House Panel Debates Iraq Refugee Quandary
A House hearing last Tuesday led to an unusual discussion about U.S. obligations to the 4.5 million Iraqi refugees who live inside and outside that country.
Democrats demanded that the Bush administration take responsibility for the refugees displaced by the five-year-old war, help them survive in Jordan, Syria and elsewhere, and allow some into the United States.
But one Republican's view is that U.S. aid might deter Iraqi refugees from going home, where those who aided the U.S. military and could be essential to building democracy are especially needed.
Rep. Bill Delahunt (D-Mass.) said the Bush administration and Congress have "a moral responsibility" to provide $500 million next year for food and financial support for the refugees because "we cannot deny that the proximate cause of this human tragedy is the invasion of Iraq and its aftermath."
He said the United States cannot afford to ignore the refugee situation, as it did in Afghanistan after the defeat of the Soviet Union, because "these vast numbers of refugees will produce the terrorists of the future unless they are treated in a way that is respectful and dignified and humanitarian."
Delahunt criticized the State Department for not pushing the Baghdad government to contribute more to neighboring countries, where 2.5 million Iraqi refugees have fled. He said it is "embarrassing" that Washington could not persuade the government of Nouri al-Maliki to offer more than $25 million to support its own citizens in Syria and Jordan. Ten months later, some of the money has not been delivered, he said.
Rep. Dana Rohrabacher (R-Calif.) argued that with the military troop buildup having bolstered security in Iraq, "I don't think it's the time that we should be accelerating our refugee efforts. . . . Now is the time that we should be calling on the refugees from Iraq to go home."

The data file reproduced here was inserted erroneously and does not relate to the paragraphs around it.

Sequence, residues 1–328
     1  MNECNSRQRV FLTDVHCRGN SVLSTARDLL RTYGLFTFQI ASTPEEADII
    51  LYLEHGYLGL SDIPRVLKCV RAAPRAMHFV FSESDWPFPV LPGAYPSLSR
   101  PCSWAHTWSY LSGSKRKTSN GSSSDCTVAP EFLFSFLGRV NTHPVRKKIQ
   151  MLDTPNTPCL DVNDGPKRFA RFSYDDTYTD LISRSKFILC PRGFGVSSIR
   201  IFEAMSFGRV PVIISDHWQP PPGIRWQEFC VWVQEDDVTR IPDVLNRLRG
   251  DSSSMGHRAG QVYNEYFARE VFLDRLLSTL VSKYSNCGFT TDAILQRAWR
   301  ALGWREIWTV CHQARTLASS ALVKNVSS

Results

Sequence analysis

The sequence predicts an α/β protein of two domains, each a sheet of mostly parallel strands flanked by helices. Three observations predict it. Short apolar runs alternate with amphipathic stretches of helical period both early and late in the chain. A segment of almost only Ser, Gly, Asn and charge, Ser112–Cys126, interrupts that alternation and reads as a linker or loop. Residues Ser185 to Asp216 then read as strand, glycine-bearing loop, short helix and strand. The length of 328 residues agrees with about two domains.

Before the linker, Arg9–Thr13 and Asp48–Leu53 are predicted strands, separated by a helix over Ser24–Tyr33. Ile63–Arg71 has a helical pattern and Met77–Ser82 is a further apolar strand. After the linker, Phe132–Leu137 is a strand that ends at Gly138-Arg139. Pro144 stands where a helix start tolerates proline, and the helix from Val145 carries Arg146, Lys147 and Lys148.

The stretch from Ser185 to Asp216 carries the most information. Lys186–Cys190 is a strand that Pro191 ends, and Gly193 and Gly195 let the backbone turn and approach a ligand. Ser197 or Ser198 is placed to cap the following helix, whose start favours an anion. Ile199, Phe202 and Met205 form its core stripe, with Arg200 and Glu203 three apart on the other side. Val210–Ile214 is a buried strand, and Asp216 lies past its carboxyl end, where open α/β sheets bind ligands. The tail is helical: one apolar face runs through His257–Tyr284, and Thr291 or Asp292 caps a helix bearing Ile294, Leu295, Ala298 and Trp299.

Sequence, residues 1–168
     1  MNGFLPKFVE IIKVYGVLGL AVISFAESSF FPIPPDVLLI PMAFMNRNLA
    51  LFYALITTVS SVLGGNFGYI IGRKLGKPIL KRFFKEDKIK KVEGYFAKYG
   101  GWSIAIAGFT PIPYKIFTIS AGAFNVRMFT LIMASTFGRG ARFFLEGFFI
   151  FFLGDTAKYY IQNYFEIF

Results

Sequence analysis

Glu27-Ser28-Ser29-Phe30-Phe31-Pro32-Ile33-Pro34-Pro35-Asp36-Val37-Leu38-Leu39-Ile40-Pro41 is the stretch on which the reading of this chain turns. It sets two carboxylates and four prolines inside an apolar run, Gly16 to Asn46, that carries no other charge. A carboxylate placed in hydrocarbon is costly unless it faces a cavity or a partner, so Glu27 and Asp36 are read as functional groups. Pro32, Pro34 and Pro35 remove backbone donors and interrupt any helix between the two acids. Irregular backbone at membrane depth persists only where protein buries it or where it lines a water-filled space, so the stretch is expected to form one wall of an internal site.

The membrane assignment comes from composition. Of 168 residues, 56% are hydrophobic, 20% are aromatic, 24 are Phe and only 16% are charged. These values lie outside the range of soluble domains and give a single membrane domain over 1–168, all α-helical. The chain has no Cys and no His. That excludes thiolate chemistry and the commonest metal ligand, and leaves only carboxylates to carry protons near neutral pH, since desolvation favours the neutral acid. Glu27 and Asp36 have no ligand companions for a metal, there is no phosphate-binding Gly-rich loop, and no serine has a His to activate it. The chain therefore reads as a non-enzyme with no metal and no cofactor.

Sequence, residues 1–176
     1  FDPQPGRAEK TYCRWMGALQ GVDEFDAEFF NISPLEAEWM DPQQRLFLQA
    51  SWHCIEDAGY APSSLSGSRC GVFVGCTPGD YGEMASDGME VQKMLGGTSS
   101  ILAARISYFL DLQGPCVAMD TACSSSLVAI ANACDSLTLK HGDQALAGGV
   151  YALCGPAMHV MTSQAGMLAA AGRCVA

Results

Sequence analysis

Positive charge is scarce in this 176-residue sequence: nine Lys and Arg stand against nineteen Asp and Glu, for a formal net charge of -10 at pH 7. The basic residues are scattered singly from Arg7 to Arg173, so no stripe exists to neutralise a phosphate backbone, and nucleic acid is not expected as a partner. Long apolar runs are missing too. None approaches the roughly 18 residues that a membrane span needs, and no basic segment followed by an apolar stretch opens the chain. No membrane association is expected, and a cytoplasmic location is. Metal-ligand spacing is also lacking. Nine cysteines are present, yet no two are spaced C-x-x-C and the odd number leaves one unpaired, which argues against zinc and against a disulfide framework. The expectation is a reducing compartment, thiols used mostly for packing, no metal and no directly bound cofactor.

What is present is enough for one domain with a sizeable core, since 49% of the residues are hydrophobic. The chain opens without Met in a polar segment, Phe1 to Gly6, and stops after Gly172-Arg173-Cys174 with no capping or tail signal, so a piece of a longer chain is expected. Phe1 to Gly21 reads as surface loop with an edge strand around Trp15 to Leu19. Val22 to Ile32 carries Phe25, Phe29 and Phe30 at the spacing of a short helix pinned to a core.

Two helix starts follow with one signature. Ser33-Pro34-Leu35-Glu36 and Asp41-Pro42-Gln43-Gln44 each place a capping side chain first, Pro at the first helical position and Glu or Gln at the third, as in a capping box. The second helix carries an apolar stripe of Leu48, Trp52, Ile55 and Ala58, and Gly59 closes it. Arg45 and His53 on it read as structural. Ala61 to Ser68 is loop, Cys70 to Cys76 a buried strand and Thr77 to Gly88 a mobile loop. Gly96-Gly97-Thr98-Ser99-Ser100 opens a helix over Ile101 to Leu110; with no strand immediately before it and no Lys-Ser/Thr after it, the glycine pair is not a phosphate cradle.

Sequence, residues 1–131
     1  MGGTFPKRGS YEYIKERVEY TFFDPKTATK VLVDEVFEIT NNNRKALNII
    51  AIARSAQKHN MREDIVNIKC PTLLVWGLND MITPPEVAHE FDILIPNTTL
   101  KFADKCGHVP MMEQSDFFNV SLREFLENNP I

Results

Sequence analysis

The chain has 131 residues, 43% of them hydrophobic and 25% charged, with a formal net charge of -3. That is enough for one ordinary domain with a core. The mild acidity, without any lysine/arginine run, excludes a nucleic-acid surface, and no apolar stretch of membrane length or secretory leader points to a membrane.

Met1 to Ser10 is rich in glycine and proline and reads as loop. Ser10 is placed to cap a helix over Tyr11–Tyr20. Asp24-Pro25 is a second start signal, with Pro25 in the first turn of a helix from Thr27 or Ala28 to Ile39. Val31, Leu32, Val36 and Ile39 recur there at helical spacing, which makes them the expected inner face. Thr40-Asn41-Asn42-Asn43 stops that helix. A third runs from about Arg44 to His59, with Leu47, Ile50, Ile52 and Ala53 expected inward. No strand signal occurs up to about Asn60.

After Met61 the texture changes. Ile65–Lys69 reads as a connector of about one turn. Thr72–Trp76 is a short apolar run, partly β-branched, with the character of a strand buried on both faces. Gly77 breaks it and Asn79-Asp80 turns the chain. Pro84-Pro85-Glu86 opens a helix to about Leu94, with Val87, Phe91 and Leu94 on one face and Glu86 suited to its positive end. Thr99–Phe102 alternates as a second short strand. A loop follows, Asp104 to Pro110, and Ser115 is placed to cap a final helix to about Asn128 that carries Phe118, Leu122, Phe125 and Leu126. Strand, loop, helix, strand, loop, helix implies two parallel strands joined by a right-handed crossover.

Referring to funds the State Department is sending to Jordan to support refugees, Rohrabacher said: "It is not the job of the people of the United States to subsidize the existence and living standards of refugees in Jordan or anywhere else if they have the option of going home."
State and Homeland Security department officials told members of the House Foreign Affairs Committee that the invasion and subsequent sectarian violence had forced about 1 million Iraqis to become refugees within their own country, joining 1 million who were displaced during the Saddam Hussein years.
Another 2.5 million Iraqis fled the country, with the vast majority, about 1.5 million, going to Syria, and 450,000 to Jordan. Others ended up in the Gulf states, Egypt, Iran and Turkey.
Though violence in Iraq has been reduced, most of the refugees are still waiting in two of the Middle East's poorest countries for signs that it is safe to return.
The Baghdad government encouraged 46,000 refugees in Syria to return in November and December, offering free transportation and $800 for resettlement. But 70 percent of those who responded could not return to their homes, which had been destroyed or occupied by others or lacked basic services.
The refugees who remain in Syria and Jordan are not permitted to openly hold jobs. Many are running out of money.
The Bush administration has authorized the admission of 12,000 Iraqi refugees to this country during the current fiscal year, but only 2,023 have arrived so far. The numbers are increasing, however, and officials said they expect to reach their goal by Oct. 1.
The State Department also has halted the processing of special visas for translators who worked for U.S. government or military units because the limit of 500, imposed by Congress in a 2006 law, has been met for this year. It may be months before guidelines are drafted under a law signed by President Bush in January that increased the limit to 5,000.
"I can't remember President Bush speaking about this refugee crisis or the need for the United States to respond aggressively to it except in passing," Rep. Gary L. Ackerman (D-N.Y.) said.
As for the Iraqi translators, some 500 more of whom have signed up to seek visas, Ackerman said, "I don't understand why the administration isn't processing them . . . unless that was never their intention and all along they were willing to talk a good game but leave these people high and dry."
But Rohrabacher had another view: "They're wonderful people who'd like to live here, especially the ones who have helped us, but the last thing we want to do is to have people who are friendly to democracy . . . moving here in large numbers at a time when they're needed to build a new, thriving Iraq."